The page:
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  • service-layer interface for domain object binding

    Hi all,

    It'll probably come home to me one of these days that if I want an answer I should post a straightforward question rather than first posting tons of code (as in my previous posting) :wink:.

    So, here's my question:
    I have a form where the user manipulates a whole hierarchy of child objects under a single parent object.
    I want to create a fairly thin service layer as a transactional boundary.
    I need to somehow bind the incoming data to my whole hierarchy of domain objects.

    I could let the Spring SimpleFormController bind directly to the domain objects, but then this happens in my UI layer, outside of the transactional context. So this implies loading the parent object in one transaction (touching all required collections), and then persisting the parent object in another transaction. Which seems a bit messy.

    So, how are other people designing the interface to their service layer?
    Does Spring bind to the service object using setProperty?
    How does the service object then bind to the domain objects?

    BTW, I thought of writing a service interface which simply takes a Map of parameters (e.g. request.getParameterMap()) and performs Spring DataBinder binding internally to the domain objects. Does this seem like a reasonable approach?

    Best regards,
    Last edited by robyn; May 19th, 2006, 05:26 AM.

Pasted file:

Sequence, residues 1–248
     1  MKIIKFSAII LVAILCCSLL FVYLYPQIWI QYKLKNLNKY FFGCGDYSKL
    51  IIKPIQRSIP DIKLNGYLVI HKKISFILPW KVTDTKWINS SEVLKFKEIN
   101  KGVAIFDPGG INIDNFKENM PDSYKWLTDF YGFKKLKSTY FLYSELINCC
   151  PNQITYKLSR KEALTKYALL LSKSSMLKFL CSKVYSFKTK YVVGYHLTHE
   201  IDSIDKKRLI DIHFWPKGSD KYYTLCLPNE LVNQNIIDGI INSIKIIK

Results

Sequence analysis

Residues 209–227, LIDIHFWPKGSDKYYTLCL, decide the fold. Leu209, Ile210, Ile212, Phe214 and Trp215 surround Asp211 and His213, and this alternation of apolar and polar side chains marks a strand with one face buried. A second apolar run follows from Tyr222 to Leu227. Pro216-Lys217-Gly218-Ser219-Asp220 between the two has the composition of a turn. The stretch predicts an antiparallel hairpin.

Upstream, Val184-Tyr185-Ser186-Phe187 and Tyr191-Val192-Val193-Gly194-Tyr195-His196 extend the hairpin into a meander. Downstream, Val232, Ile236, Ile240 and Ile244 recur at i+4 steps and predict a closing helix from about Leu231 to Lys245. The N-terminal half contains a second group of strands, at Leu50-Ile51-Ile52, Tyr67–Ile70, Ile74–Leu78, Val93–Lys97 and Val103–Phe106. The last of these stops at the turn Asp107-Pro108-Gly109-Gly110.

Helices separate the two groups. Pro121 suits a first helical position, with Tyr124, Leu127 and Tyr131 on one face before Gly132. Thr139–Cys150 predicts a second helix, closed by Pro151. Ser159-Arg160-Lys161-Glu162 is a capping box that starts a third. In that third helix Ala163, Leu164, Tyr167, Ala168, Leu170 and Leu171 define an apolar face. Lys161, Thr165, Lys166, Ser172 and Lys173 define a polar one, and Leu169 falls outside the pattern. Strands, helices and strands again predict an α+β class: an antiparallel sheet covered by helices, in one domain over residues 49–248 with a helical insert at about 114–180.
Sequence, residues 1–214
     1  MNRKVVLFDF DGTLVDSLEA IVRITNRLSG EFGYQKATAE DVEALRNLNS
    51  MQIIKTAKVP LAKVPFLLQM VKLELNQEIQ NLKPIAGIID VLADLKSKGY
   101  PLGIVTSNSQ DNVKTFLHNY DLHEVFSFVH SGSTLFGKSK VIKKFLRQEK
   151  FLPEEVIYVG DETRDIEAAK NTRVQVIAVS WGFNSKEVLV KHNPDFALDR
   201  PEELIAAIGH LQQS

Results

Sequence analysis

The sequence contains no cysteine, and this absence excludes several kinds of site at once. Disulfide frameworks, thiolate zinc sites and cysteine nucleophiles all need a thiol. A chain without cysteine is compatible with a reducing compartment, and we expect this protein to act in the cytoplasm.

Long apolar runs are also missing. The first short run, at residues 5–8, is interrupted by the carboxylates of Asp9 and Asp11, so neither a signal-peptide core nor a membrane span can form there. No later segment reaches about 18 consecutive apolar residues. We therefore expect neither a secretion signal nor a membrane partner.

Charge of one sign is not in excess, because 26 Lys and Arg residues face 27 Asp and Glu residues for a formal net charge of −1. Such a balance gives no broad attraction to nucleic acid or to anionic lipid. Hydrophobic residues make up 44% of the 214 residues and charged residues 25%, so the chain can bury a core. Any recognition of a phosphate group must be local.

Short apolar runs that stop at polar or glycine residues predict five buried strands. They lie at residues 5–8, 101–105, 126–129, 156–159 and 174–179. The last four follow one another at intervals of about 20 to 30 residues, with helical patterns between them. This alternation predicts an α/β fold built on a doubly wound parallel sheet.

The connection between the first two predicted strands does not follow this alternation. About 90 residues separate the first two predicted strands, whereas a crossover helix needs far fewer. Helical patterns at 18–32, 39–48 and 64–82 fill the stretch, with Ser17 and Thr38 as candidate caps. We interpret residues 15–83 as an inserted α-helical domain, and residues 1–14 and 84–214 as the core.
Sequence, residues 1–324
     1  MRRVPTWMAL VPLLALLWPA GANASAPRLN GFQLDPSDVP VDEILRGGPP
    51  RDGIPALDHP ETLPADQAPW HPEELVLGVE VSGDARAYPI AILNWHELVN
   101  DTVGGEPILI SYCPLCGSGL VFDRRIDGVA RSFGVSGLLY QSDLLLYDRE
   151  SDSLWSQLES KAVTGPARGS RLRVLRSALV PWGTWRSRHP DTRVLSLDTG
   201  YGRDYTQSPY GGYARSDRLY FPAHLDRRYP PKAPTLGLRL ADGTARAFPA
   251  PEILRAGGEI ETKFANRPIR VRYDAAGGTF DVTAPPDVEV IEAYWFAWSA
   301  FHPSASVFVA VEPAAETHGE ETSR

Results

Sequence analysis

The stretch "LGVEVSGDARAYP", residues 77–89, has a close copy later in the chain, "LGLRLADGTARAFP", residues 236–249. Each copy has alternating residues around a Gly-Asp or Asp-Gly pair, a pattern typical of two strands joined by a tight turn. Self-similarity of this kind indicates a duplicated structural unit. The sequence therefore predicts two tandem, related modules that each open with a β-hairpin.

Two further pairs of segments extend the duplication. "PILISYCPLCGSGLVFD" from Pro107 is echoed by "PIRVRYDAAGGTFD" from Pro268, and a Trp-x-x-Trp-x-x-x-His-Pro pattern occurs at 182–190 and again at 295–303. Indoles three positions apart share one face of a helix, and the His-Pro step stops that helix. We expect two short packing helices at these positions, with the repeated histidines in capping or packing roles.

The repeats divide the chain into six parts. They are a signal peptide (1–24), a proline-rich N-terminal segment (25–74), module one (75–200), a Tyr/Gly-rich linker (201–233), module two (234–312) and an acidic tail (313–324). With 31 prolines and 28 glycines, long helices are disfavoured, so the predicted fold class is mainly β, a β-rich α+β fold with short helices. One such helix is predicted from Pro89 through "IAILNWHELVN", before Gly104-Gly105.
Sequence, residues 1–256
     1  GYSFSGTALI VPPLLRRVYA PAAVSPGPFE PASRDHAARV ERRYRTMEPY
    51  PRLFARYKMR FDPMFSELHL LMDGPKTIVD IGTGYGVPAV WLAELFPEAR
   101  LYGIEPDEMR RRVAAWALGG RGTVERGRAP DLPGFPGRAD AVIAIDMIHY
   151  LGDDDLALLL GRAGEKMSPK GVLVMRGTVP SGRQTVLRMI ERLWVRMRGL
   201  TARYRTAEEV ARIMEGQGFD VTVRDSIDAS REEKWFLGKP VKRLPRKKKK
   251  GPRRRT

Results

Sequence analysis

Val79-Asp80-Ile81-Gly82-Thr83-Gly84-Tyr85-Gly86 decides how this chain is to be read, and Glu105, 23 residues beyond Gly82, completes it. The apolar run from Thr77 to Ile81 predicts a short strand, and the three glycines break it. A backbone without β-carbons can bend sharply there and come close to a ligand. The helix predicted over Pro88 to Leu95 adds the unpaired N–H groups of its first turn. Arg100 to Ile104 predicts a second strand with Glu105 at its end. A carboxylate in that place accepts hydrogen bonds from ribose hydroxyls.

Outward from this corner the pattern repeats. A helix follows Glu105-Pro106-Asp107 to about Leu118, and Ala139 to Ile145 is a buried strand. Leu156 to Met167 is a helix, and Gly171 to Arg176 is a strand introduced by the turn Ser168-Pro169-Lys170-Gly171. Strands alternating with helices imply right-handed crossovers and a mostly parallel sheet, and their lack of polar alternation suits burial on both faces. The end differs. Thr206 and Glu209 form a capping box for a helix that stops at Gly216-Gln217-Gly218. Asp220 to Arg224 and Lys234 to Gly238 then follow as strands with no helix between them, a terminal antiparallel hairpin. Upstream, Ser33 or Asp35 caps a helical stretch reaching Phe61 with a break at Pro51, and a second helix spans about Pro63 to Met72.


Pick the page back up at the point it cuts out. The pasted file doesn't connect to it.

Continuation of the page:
• #2
    Answering myself, with my latest thoughts on the subject, having attempted to Springify one of my most complex UI forms:

    1. Binding generally involves translating HTML-specific data representations into domain object manipulations (property setting, child object addition/deletion). Therefore, binding rightly belongs in the UI controller, NOT in the service layer.

    2. Domain objects should be able to cross layers, and be used in both the UI and Service layers. However, their use in the UI layer should be limited to binding & displaying: i.e. setting/getting properties and possibly adding/deleting child objects - all business methods should be via the service layer.

    The simplest way of only exposing certain domain object properties to the UI is to place their implementation in the same package as service class implementations, and protect all business methods. I suppose another option would be to have them implement a simple external interface and a more complex internal subinterface.

    In order to allow the UI controller to bind directly to domain objects, the downside is having to load them in one service layer transaction and persist them in a separate transaction. This implies touching all required collections when we load. This seems like a reasonable sacrifice, if it allows us to respect points 1 & 2 above.

    Any thoughts?


    • #3
      If I were you I would store the object graph in the HTTP session before rendering the manipulation screen. When submitting you can then get the object graph from the HTTP session. If you are using optimistic locking this will ensure concurrent updates are detected when persisting to the database.

      Par contre, votre anglais est impecable